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Mexico's economy expands faster

The second-quarter rate is below expectations, but it snaps a streak of four quarters of decelerating growth.

August 17, 2007|Marla Dickerson | Times Staff Writer

MEXICO CITY — Mexico's economy perked up a bit in the second quarter after a slow start to the year. But some analysts warned that the acceleration could be short-lived if the U.S. economy stalls.

Mexico's gross domestic product expanded at a 2.8% annual clip compared with the April-to-June period in 2006, the government reported Thursday. That was an improvement over the 2.6% rate in the first quarter, snapping a string of four quarters of decelerating growth. GDP is the measure of a country's output of goods and services.

Still, the expansion came in below analysts' expectations, and Mexico remains a laggard among its Latin American peers. Some economists see more trouble ahead if sub-prime mortgage pain hobbles the economy of the U.S., the destination for 80% of Mexico's exports.

"If the U.S. situation continues to deteriorate, things will get worse" for Mexico, said Eugenio Aleman, senior economist at Wells Fargo & Co. in Minnesota.

"It's going to be a tough year."

Mexico's bellwether manufacturing sector continues to struggle with weak orders from its northern neighbor. The government reported this month that industrial production was up a tepid 0.8% in the second quarter.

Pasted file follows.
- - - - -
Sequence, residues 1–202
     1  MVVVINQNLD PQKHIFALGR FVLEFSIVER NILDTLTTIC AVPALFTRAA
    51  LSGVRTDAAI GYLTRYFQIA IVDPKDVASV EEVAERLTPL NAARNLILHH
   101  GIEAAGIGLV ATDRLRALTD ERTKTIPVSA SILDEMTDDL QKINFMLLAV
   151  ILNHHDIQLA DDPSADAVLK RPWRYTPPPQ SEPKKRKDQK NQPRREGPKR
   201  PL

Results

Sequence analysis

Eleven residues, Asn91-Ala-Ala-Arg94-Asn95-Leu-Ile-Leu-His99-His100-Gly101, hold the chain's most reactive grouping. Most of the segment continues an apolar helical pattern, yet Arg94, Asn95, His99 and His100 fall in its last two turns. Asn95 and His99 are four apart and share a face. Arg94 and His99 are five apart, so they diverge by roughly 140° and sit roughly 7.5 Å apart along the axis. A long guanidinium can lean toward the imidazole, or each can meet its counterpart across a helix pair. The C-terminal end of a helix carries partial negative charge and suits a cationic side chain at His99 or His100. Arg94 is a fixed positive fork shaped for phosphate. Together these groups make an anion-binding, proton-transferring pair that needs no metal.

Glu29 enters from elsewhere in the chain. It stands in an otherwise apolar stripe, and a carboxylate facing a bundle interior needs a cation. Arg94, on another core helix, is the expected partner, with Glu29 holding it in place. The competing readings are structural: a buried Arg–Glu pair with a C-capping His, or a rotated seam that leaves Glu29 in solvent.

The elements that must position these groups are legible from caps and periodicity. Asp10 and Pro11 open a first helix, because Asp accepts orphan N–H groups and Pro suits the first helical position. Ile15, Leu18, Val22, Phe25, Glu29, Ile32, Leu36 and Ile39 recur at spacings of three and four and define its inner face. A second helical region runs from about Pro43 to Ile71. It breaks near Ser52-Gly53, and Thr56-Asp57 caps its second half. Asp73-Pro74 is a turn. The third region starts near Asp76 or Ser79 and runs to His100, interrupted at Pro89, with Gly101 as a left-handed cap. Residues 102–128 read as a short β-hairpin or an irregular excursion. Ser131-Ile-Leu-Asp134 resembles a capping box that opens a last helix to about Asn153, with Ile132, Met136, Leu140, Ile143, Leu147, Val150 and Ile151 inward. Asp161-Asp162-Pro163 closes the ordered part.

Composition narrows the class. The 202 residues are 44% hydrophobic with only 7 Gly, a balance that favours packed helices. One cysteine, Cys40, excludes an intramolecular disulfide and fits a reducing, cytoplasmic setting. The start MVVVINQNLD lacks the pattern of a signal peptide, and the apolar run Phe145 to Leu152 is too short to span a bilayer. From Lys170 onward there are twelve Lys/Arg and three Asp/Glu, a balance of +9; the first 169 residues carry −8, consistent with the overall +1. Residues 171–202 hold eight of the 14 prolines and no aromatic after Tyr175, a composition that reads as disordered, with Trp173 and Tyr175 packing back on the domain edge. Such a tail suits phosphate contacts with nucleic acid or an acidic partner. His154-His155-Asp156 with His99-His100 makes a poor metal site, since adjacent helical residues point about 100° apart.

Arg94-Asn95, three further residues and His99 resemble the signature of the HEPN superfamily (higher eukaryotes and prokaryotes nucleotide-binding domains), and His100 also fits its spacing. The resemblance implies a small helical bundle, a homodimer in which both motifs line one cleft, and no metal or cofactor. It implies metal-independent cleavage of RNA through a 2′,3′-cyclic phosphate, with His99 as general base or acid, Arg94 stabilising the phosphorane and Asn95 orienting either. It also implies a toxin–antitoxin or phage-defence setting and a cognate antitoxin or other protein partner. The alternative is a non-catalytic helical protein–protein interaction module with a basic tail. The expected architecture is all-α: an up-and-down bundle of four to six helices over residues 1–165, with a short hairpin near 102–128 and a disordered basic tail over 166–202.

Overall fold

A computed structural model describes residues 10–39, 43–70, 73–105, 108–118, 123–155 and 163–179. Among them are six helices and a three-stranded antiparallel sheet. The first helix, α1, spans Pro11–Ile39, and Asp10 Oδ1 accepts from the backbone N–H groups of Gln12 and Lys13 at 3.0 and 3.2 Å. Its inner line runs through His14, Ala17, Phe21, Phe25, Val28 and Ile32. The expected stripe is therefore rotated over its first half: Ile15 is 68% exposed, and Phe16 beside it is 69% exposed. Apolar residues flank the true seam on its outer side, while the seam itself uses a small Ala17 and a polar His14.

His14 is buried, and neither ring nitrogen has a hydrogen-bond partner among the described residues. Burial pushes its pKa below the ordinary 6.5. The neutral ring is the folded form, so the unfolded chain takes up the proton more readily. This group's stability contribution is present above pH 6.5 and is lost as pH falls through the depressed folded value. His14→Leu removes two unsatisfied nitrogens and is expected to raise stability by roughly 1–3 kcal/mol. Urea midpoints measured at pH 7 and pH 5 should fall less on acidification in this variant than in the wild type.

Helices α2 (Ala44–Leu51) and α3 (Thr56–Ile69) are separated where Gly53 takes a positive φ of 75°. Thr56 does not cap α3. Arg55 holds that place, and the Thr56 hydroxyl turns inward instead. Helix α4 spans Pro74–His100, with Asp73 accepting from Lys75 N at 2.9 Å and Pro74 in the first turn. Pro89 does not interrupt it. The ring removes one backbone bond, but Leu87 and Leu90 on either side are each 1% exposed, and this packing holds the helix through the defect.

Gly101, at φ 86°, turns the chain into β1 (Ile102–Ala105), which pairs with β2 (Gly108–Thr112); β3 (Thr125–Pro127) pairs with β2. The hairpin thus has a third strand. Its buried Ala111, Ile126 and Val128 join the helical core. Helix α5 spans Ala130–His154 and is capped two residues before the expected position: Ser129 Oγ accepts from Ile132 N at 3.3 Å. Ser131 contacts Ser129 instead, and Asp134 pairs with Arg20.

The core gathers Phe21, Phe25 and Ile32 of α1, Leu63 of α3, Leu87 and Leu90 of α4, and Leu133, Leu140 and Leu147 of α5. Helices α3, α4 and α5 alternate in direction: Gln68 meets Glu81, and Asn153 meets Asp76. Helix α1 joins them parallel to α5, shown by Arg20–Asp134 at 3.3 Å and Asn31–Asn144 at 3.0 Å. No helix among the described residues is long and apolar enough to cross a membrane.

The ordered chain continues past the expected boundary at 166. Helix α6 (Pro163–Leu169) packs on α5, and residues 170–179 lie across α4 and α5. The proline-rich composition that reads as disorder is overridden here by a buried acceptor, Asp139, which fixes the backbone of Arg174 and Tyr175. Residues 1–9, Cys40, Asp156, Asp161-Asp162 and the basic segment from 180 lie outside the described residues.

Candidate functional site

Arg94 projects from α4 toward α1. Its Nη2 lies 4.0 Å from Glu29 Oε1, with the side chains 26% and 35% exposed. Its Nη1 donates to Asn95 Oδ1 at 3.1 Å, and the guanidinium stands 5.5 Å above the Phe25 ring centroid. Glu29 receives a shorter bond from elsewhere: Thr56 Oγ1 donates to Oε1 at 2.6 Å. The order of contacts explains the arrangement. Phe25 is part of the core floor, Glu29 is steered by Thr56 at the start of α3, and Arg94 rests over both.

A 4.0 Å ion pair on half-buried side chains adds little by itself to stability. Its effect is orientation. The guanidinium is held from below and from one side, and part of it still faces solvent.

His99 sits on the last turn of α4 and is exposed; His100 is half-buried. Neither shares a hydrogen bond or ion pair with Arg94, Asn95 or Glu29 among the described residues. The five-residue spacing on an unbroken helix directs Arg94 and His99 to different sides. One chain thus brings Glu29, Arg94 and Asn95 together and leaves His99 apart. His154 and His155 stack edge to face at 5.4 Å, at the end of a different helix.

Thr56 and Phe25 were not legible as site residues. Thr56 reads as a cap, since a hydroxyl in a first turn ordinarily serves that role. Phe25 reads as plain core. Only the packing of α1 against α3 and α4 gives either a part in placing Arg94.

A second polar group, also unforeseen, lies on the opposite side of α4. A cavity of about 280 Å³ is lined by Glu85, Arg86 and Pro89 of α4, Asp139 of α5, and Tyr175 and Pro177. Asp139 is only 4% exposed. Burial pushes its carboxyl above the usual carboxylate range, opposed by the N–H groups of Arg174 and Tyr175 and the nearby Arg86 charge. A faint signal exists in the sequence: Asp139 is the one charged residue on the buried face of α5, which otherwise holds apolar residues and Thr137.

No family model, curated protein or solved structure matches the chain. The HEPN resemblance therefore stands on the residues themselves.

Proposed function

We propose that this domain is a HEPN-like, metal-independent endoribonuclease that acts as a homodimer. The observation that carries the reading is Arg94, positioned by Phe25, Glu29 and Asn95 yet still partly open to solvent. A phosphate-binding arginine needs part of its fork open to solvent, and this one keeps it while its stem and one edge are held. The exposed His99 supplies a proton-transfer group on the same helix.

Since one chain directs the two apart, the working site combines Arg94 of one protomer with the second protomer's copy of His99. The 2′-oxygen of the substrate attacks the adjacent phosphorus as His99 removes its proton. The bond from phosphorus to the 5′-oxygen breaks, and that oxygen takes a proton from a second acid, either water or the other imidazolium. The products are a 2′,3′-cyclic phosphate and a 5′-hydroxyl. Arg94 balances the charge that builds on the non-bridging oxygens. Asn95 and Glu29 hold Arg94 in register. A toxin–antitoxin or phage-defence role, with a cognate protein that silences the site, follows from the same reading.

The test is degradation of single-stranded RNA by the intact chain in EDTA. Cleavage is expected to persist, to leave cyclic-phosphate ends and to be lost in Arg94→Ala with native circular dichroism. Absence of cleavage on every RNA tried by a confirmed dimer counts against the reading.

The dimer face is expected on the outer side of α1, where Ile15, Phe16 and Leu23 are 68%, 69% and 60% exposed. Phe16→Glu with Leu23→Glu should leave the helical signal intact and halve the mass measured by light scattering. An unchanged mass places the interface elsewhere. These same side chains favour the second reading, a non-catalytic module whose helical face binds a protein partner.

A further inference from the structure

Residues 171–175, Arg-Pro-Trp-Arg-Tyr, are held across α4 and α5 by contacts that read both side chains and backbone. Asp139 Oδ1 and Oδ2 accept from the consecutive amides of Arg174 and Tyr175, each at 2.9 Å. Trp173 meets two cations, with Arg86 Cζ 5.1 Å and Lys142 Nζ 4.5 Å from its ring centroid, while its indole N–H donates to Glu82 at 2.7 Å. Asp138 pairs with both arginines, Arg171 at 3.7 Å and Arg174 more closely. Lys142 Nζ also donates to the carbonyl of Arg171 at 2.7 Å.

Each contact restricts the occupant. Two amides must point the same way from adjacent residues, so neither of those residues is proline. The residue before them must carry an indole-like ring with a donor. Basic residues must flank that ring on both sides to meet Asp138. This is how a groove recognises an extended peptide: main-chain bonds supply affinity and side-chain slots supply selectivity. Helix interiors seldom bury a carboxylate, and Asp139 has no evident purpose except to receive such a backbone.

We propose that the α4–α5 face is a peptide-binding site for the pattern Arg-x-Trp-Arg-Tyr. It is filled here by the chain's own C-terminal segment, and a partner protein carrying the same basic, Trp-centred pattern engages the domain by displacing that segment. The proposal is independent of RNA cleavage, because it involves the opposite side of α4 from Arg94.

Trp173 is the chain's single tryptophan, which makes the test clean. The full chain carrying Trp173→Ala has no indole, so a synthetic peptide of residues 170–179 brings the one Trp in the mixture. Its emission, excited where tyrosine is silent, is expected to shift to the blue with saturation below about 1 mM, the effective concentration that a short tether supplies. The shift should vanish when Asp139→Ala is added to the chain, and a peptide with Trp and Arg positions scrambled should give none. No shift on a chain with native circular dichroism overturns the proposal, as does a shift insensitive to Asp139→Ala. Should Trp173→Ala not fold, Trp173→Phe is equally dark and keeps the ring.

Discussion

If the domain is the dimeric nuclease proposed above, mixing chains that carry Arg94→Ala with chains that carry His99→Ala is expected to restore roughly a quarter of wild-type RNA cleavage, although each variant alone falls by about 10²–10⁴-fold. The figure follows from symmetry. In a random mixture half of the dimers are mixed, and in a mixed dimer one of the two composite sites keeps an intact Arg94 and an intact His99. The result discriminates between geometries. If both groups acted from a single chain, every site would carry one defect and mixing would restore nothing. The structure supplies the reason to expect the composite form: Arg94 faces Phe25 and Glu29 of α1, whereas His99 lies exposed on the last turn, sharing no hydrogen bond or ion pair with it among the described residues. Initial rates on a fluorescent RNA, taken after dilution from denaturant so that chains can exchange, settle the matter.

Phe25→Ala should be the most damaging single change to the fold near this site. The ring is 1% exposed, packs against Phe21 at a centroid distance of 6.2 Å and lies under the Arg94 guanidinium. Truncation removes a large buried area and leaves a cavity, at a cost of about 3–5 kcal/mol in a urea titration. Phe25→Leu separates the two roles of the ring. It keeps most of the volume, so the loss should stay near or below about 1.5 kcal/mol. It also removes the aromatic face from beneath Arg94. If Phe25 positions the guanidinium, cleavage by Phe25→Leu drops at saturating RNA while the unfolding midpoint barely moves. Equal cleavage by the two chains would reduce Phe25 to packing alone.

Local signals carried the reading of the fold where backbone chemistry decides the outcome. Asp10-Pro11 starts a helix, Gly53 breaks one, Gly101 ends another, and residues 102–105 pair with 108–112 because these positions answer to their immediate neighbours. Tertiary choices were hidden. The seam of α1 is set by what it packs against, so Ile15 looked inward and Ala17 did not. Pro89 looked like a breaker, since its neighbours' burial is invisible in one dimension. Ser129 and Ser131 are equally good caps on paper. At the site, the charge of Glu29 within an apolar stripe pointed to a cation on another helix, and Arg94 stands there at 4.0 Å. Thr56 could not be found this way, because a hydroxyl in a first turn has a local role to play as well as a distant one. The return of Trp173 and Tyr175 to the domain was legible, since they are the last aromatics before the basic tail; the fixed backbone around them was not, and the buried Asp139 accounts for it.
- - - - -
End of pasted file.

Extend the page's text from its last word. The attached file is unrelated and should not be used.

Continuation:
Auto production picked up in the April-to-June period after a dismal first quarter.

But output still trails last year's figures. In the first seven months of the year, Mexico produced 1.1 million vehicles, down 1.4% compared with the same period in 2006, according to the Mexican Automotive Industry Assn. Exports of cars and trucks were flat.

Vehicle production in Mexico is dominated by Ford Motor Co., General Motors Corp. and DaimlerChrysler, which export most of their Mexican-produced cars and trucks to U.S. showrooms.

Analysts say the Big Three's shrinking market share in the U.S. is crimping one of Mexico's most important industries.

But the immediate worry is the widening fallout from the crash of the sub-prime lending market in the United States. Mexican stocks, bonds and the peso fell sharply Thursday as fears of a global credit crunch spread around the globe.

Mexico's IPC stock index tumbled as much as 6% on Thursday before closing down 1.24% at 27,793.16 points.

Meanwhile, the peso sank to its lowest level against the greenback in more than a year, ending the day at 11.239 to the U.S. dollar.

Fear of inflation is also stalking the Mexican economy. Consumer prices posted their biggest increase in six months in July as annual inflation rose to 4.1%.

Analysts say that could compel Mexico's central bank to raise interest rates, which would serve as another drag on the nation's economic growth.


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